More research is needed!
Heartburn medications linked to childhood asthma risk
Women who take heartburn medication during pregnancy may be putting their babies at a greater risk of developing asthma, new research has found.
Researchers have found a link between pregnant mothers taking antacids and asthma symptoms in children. Children of women who take heartburn medicine during pregnancy are a third more likely to develop asthma, according to a study published Monday.
Scientists from Edinburgh and Finland reviewed eight previous studies involving more than 1.3 million children, drawing on healthcare registries and prescription databases.
Babies whose moms used acid reflux drugs more likely to have asthma
They found that children whose mothers were prescribed drugs to deal with acid reflux in pregnancy were more likely to be treated for asthma in childhood.
Asthma is a chronic lung disease that inflames and narrows the airways. It frequently starts in childhood, and symptoms include wheezing, shortness of breath and coughing.
Acid reflux is very common in pregnant women due to hormonal changes and pressure on the stomach from the developing fetus, especially during the second and third trimesters.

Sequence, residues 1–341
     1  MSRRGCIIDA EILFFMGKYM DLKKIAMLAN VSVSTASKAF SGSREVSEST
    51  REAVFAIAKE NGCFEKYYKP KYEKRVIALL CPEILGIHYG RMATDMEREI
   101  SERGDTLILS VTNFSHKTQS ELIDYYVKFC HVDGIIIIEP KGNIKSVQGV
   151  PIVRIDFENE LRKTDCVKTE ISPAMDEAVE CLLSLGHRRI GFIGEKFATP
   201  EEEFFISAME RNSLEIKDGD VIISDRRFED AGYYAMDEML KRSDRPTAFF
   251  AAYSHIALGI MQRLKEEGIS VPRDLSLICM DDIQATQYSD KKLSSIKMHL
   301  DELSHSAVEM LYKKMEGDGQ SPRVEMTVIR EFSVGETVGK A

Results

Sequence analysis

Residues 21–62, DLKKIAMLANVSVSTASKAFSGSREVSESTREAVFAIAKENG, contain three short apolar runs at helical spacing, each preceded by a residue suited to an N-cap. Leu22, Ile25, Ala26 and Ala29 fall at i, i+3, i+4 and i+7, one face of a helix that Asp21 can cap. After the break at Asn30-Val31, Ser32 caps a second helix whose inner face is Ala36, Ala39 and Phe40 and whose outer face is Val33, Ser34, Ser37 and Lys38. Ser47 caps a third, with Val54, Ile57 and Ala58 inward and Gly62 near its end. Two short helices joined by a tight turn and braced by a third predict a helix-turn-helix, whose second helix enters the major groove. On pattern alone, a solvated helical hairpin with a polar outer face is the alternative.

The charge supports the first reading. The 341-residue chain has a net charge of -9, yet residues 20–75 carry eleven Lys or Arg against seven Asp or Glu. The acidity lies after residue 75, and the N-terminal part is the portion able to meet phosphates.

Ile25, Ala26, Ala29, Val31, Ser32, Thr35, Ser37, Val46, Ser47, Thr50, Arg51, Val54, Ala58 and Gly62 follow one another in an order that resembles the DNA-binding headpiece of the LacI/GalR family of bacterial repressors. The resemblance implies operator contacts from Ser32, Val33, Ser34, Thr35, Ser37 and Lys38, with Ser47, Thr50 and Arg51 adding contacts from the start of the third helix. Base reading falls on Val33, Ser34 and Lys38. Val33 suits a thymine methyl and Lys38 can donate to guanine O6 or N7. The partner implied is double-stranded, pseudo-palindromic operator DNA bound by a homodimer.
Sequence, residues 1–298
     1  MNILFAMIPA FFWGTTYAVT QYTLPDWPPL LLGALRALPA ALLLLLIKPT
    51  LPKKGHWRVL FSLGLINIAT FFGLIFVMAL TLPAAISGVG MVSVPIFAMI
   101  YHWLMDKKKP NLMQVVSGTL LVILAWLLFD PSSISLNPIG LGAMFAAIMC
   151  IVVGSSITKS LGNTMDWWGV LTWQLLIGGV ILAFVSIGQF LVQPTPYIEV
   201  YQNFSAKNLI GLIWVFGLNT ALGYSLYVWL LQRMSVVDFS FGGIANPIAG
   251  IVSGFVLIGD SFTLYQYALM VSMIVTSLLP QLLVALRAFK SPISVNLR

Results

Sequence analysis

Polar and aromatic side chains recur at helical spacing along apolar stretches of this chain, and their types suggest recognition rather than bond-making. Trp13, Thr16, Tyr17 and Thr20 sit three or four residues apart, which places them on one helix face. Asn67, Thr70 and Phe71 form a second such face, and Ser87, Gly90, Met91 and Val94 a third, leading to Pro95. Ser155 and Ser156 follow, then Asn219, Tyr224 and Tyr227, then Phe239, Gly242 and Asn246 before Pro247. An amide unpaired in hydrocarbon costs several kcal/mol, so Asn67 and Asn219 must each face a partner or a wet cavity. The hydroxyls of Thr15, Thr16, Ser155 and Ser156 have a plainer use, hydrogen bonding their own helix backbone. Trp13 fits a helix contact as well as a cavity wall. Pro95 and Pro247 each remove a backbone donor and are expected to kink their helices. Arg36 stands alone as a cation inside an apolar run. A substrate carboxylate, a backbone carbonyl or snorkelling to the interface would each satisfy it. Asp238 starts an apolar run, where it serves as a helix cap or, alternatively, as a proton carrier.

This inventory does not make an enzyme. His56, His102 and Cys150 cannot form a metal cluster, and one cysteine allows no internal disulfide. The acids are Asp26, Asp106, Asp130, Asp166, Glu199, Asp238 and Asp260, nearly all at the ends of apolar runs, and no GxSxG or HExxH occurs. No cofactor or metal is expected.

Pregnant women using acid-blocking drugs increased risk
Heartburn is caused when stomach acid leaks into the esophagus – the tube that connects the stomach to the throat. Drugs called H2-receptor antagonists and proton pump inhibitors can help to block the acid reflux. They’ve been considered safe to use because they do not affect the development of the baby.
But now, researchers at the University of Edinburgh have found that children born to mothers who had been acid-blocking drugs during pregnancy were at least a third more likely to have visited a doctor for symptoms of asthma.
Researchers, however, could not rule out that the association was caused by a separate factor, so they’ve advised expectant mothers to continue taking the medication they need under the guidance of a doctor or nurse.
A new study has put a potential link to using a common over-the-counter medication with babies developing asthma.